In the Louisiana where I grew up, the Monday ritual involved a pot of red beans simmering on the stove and a washing machine chugging in the laundry room. On one of those wash days, circa 1965, our washing machine overflowed.
Hearing noises, I ran into the washroom to find my mother banging on appliances and crying to the heavens. Bellowing a phrase from the existential literature she was reading, she shouted, "Life is absurd. Life is absurd."
"Yes," I said, as I swooped in, "but that's where you start."
Having taken the existential leap into accepting life's ambiguity has gotten me through a lot over the years, particularly this year, as the extremes of experience challenge any vestiges of hope I have held for things to have predictable outcomes. Say what you will about Katrina and cancer, they can be excellent teachers.
I think that Jews have an edge in holding what psychotherapist Marion Woodman calls "the tension of opposites." The Torah gives us the Book of Deuteronomy, where we are carefully told that good will be rewarded and bad punished. Yet Torah also gives us the Book of Job, where those who assert the Deuteronomical truth are severely chastised by God for telling falsehood. We Jews break our brains early.
The very first chapters of the Book of Genesis tell us first that the human was created on the sixth day, yet a few lines down we get an entirely different human creation story. God scoops up earth, breathes into it and hiene Adam. Wait, which is right? The sixth day or the earthling? Just rewards or Job's unfathomable universe? It's like the Certs conundrum: Is it a candy mint or a breath mint? Wait, you are both right.
Paradox heals. How else would it be possible for me to assert that my experience returning as a volunteer post-Katrina to my childhood home in the Gulf South, in the midst of an unimaginably horrible human and environmental catastrophe, was one of the most professionally fulfilling experiences I have ever had? Or to claim that this time, now, when I am struggling with cancer, chemotherapy and severe limitations to my energy and activities, has afforded me immeasurable quality time with friends and an unexpected sense of peace and well-being?
I wonder if I am delusional or in denial. I certainly wouldn't have chosen either of these trials. And while I am coping well with my current treatment, I make no assumptions about how I will manage what may be waiting for me down the line.
Still at this point, my sense is that in these challenges, there is the paradoxical embrace of both horror and beauty. Horror in the diagnosis and possible outcome, beauty in the treasure of each moment -- an awareness that is somehow focused by the terrifying knowledge of what else might be possible.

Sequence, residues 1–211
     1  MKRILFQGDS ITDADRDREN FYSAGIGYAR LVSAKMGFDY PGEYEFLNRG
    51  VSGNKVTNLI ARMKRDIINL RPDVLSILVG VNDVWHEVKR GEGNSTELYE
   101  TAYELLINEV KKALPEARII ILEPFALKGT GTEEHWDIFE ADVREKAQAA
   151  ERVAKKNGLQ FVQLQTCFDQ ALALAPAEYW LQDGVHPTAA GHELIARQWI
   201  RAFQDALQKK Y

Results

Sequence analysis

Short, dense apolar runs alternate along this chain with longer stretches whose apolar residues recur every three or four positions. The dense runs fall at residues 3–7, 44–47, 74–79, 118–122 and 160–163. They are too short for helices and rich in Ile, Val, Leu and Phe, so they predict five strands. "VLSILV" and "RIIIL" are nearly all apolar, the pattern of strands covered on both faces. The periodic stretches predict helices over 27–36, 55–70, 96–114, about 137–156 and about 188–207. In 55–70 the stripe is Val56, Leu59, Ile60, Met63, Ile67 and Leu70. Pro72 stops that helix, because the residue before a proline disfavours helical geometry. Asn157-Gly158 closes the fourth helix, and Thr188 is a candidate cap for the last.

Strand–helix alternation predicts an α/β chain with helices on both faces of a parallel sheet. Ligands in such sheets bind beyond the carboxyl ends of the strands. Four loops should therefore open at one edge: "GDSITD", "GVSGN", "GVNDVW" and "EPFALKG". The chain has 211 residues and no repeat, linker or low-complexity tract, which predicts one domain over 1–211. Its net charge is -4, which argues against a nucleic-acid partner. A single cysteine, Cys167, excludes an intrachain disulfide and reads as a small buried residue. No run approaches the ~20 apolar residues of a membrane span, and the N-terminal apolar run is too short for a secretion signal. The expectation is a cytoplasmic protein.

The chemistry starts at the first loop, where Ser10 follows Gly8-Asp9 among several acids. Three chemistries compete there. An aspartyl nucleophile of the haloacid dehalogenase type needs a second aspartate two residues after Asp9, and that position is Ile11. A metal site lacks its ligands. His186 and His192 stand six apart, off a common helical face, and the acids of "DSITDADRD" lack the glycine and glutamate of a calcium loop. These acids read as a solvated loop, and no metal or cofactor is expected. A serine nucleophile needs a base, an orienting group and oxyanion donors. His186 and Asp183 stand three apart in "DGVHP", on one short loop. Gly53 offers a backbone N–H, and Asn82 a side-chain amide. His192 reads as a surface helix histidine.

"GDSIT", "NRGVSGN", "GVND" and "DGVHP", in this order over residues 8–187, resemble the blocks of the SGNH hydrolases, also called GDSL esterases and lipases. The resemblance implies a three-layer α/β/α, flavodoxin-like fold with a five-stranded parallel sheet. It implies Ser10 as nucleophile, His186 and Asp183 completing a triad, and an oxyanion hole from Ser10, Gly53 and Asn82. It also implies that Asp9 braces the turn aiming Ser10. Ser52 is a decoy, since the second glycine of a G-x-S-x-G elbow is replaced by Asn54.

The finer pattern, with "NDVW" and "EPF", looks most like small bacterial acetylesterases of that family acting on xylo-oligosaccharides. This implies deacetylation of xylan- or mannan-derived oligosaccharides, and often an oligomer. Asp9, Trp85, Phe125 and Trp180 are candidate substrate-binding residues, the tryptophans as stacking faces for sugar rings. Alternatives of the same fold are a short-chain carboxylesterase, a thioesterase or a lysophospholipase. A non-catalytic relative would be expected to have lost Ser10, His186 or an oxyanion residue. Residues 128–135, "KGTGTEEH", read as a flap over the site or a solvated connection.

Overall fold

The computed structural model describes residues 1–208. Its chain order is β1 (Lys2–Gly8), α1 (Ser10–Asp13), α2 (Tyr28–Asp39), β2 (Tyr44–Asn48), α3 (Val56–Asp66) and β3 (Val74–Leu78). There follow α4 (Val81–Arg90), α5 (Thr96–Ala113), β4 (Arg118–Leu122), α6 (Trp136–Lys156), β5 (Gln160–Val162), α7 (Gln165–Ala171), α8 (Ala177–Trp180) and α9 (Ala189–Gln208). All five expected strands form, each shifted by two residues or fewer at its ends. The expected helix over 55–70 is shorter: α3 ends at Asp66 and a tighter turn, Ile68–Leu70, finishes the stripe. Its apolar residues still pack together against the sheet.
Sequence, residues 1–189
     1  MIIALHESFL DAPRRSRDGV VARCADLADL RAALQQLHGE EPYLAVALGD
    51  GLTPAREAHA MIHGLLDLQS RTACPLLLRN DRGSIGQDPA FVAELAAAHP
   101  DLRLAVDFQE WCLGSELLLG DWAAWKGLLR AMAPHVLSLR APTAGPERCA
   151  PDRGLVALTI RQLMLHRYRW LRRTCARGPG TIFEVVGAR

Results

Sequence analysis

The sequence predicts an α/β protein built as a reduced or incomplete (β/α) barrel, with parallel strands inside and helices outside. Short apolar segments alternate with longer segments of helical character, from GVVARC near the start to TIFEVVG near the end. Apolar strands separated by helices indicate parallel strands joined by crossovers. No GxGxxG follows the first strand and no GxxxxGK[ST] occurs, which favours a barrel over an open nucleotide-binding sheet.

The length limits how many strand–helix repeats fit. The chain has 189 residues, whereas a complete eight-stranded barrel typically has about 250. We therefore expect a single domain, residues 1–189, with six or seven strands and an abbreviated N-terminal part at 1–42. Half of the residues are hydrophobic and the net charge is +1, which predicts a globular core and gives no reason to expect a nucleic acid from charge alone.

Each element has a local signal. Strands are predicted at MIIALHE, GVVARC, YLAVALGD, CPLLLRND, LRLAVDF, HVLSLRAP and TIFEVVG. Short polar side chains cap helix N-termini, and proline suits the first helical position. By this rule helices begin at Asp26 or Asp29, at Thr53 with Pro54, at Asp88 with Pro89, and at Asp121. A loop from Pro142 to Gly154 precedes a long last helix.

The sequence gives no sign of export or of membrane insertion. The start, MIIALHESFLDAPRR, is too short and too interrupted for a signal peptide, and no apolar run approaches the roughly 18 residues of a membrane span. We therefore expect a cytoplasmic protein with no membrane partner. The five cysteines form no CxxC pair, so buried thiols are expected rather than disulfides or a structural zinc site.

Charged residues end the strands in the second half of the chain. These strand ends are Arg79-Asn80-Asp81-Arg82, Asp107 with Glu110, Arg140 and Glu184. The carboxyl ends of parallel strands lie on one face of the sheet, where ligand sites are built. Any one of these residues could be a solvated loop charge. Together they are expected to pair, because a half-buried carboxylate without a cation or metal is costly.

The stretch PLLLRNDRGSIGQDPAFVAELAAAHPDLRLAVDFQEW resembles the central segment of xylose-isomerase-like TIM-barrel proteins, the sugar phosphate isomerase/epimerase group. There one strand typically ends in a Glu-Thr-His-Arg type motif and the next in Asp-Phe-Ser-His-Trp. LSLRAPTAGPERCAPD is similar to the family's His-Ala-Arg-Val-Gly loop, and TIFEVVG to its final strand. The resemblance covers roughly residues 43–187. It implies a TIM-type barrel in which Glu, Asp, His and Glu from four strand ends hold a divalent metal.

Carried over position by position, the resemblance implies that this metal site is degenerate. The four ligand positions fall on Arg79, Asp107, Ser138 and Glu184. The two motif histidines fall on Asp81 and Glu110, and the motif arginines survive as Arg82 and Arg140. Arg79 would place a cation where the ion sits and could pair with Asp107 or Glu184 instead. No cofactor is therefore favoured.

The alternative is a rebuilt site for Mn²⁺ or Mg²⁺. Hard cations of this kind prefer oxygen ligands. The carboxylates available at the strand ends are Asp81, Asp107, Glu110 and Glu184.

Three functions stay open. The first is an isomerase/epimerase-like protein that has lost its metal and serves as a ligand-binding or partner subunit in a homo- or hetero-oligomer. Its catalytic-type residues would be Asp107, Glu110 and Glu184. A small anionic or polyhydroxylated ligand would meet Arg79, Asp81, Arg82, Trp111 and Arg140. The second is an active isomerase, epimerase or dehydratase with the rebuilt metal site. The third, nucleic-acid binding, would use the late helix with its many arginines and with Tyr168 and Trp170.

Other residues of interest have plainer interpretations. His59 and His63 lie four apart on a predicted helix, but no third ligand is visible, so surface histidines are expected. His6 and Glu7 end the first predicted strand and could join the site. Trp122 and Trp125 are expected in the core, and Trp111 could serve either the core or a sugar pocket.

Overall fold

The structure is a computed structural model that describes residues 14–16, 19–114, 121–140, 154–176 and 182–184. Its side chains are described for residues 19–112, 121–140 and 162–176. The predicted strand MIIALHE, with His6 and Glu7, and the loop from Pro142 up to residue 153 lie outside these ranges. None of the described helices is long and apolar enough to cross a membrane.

I think my comfort with paradox stems from being prematurely eldered. It happened when I was in the third grade and my grandfather lay on his deathbed.
Grandpa Brener, who had come from Bialystok to New Orleans as a young man, was a pious Jew. He traveled the South raising money for Zionist organizations. His family, which included seven children, often went wanting as he sent whatever money he could to the Jewish National Fund to buy land to build the Jewish homeland.
As he lay dying in his bedroom, his right hand paralyzed and his mouth unable to speak, I sat at his bedside and was sometimes given the honor of feeding him through his IV tube.
One day when I left my post, I wandered from his bedroom into his study. I saw a plaque attached to the wall near his Hebrew books. It said, "If I forget thee O Jerusalem, may my right hand fail and my tongue cleave to my mouth." I knew that my frail and mute grandfather hadn't forgotten Jerusalem.
At that moment, I was liberated from the clutches of fundamentalism. Confronting the fact that bad things happen to good people gave me tools to make my own meaning and look beyond black and white. It gave me a facility with paradox, a big advantage in confronting a nuanced world.
The result was a tolerance for irony, paradox and absurdity. I learned that I would have to create my own answers, and that ultimately, we all must care for each other in order to save ourselves. And that the process can even be fun.
The familiar words of Rebbe Nachman of Bratzlav comfort without sounding like Pollyanna: "All the world is a narrow bridge. The most important thing is to not be afraid."
The injustice of my grandfather's suffering in light of the promise that was pinned to his wall, catapulted me into the awareness of life on the narrow bridge, where we cannot escape the fact that life is precarious and mysterious. To help others, we stand with them on bridge, offering witness, encouragement, soup and rides.
If we are to be helpful and not condescending, we should never forget that we, too, are vulnerable. And together we seek justice, courage and delight.
Anne Brener is an L.A.-based psychotherapist. She is the author of "Mourning & Mitzvah: Walking the Mourner's Path" (Jewish Lights, 1993 and 2001), a fourth-year rabbinical student at Hebrew Union College-Jewish Institute of Religion and a faculty member of the Academy for Jewish Religion.
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